1. ## Intersection of planes

Hi,

I have a problem that I really don't know how to solve. I have a regular 3 dimensions axis (x,y,z) with the center C(0,0,0) and 2 points, A(x1,y1,z1) and B(x2,y2,z2).

How can I calculate the intersection of the plane defined by A, B and C with the x,y,z axis in this last one?

Please give me a mathematical formula - if possible - without matrices; I'm not very good at that...

Kind regards,

Kepler

2. There is nothing to do.
The fact the plane contains $(0,0,0)$ gives the answer away.

3. Hi,

Sorry for the dumb question...how?

Kind regards,

Kepler

4. It intersects all three at 0.

5. Originally Posted by kepler
Hi,

I have a problem that I really don't know how to solve. I have a regular 3 dimensions axis (x,y,z) with the center C(0,0,0) and 2 points, A(x1,y1,z1) and B(x2,y2,z2).

How can I calculate the intersection of the plane defined by A, B and C with the x,y,z axis in this last one?

Please give me a mathematical formula - if possible - without matrices; I'm not very good at that...

Kind regards,

Kepler
A plane, in three dimensions, can be written as $\alpha(x- x_0)+ \beta(y- y_0)+ \gamma(z- z_0)= 0$ where $(x_0, y_0, z_0)$ is a point on the plane and $<\alpha, \beta, \gamma>$ is a vector perpendicular to the plane.

You already know three points in the plane: $(0, 0, 0)$, $(x_1, y_1, z_1)$, and $(x_2, y_2, z_2)$. It would be simplest of course to let $(x_0, y_0, z_0)= (0, 0, 0)$.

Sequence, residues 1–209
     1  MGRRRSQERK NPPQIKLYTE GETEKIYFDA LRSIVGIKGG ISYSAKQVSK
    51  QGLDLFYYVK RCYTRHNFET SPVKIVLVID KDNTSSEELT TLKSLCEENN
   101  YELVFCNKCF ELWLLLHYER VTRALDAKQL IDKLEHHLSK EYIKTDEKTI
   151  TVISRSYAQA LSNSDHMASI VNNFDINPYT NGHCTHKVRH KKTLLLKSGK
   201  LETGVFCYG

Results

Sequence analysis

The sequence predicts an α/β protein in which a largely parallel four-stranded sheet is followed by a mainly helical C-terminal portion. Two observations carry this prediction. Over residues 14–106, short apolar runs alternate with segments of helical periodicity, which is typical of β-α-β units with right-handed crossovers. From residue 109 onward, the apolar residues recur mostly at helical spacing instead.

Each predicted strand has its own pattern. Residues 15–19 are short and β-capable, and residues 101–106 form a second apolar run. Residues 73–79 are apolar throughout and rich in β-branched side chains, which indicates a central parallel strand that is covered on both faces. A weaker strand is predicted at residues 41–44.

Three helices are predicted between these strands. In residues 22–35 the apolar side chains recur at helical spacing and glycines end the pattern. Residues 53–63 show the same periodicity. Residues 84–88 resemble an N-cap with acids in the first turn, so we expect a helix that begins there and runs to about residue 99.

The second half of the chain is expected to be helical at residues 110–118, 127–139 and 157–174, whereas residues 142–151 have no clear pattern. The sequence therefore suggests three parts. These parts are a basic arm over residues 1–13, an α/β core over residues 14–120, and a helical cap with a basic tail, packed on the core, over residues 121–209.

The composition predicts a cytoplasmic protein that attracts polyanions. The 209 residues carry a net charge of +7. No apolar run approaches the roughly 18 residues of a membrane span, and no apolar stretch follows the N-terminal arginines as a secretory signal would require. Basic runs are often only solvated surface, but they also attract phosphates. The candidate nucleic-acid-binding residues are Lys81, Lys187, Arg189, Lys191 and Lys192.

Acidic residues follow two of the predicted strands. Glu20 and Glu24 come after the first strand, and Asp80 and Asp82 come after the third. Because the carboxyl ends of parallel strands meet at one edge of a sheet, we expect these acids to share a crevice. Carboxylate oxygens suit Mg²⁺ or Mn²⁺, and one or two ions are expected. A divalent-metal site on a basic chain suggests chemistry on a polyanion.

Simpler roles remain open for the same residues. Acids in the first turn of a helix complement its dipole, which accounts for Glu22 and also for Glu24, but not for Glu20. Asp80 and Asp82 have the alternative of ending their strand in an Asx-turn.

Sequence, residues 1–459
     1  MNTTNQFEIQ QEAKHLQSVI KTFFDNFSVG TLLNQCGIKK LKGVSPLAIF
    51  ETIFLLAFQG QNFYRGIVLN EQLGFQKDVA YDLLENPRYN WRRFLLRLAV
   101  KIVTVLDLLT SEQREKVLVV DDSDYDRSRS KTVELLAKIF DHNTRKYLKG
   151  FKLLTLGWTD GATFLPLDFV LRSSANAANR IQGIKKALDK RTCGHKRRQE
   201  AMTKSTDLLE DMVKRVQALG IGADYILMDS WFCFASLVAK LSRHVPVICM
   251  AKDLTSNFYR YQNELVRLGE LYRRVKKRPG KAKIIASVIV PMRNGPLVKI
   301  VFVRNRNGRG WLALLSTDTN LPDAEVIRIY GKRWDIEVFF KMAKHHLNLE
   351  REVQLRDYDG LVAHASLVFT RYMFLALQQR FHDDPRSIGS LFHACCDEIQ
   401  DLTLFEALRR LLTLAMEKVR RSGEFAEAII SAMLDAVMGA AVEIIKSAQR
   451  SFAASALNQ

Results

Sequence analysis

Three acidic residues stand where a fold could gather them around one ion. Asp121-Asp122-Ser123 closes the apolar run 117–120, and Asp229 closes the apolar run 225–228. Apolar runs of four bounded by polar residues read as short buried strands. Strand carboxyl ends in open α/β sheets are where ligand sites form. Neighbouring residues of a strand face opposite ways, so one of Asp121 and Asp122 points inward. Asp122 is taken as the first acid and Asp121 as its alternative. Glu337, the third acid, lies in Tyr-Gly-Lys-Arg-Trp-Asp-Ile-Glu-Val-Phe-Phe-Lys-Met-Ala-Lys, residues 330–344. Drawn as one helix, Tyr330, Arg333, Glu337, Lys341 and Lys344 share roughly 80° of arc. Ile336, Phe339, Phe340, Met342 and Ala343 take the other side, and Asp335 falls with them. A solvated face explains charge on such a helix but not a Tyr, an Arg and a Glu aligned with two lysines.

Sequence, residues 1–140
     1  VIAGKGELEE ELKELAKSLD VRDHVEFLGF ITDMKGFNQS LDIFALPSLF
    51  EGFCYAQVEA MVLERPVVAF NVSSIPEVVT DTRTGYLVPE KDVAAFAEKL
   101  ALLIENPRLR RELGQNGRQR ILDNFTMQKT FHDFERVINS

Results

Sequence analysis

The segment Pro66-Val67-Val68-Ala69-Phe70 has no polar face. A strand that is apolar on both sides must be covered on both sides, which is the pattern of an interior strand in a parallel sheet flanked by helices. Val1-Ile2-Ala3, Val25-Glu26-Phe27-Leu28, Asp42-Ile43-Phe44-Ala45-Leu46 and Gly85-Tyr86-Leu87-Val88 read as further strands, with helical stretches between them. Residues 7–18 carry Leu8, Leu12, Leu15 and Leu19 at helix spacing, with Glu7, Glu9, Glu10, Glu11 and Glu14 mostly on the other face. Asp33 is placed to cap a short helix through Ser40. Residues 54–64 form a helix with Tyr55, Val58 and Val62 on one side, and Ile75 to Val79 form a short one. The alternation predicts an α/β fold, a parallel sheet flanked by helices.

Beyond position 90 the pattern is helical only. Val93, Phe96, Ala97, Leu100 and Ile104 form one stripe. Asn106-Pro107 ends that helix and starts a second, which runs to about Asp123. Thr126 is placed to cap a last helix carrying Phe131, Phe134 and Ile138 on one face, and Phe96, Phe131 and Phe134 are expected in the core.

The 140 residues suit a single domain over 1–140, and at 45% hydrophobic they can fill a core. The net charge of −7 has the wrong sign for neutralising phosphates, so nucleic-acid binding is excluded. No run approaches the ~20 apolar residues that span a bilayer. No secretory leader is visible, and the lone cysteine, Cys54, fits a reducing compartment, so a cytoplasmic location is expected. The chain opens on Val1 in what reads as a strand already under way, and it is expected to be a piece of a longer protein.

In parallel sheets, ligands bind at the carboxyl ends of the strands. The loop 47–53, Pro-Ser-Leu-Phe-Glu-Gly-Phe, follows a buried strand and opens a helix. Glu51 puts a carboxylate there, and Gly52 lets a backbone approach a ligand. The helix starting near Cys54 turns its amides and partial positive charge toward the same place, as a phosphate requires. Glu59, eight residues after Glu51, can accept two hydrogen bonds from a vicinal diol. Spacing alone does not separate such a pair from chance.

To find a vector perpendicular to the plane, find two vectors in the plane, say $A- C= $ and $B- C= $, and take their cross product.

6. Hi again Plato,

That's obvious. But what I need to know is this: imagine a circle or an elipse or a rectangle, with center at (0,0,0) that passes through A and B. Where's does intercepts - the line - in x,y,z (alias in x,y)?

Regards,

Kepler

7. ## Continuing...

Hi again,

I've solved the problem of the plane equation and the xy line equation for the interception Now I have a bigger problem...

The plane has an inclination - how do I calculate that? And even worst, how do I calculate the line that goes through that maximum inclination?

Can someone help me out?

Kind regards,

Kepler

8. Originally Posted by kepler
Hi again,

I've solved the problem of the plane equation and the xy line equation for the interception Now I have a bigger problem...

The plane has an inclination - how do I calculate that? And even worst, how do I calculate the line that goes through that maximum inclination?

Can someone help me out?

Kind regards,

Kepler
Dear Kepler,

If you know normal vectors to the two planes, say $\underline{n_1}~and~\underline{n_2}$ then you can easily find the angle $(\theta)$ between them using the definition of the dot product. This will be the angle between the two planes.

$\underline{n_1}.\underline{n_2}=\mid \underline{n_1}\mid\mid\underline{n_2}\mid\cos\the ta\Rightarrow \cos\theta=\displaystyle\frac{\underline{n_1}.\und erline{n_2}}{\mid \underline{n_1}\mid\mid\underline{n_2}\mid}$

9. Dear Sudharaka,

Thank you very much for your reply - it was helpful. Just one question. What's the equation of the xy plane in the 3D format?

Kind regards,

Kepler

10. Originally Posted by kepler
Dear Sudharaka,

Thank you very much for your reply - it was helpful. Just one question. What's the equation of the xy plane in the 3D format?

Kind regards,

Kepler
z = 0.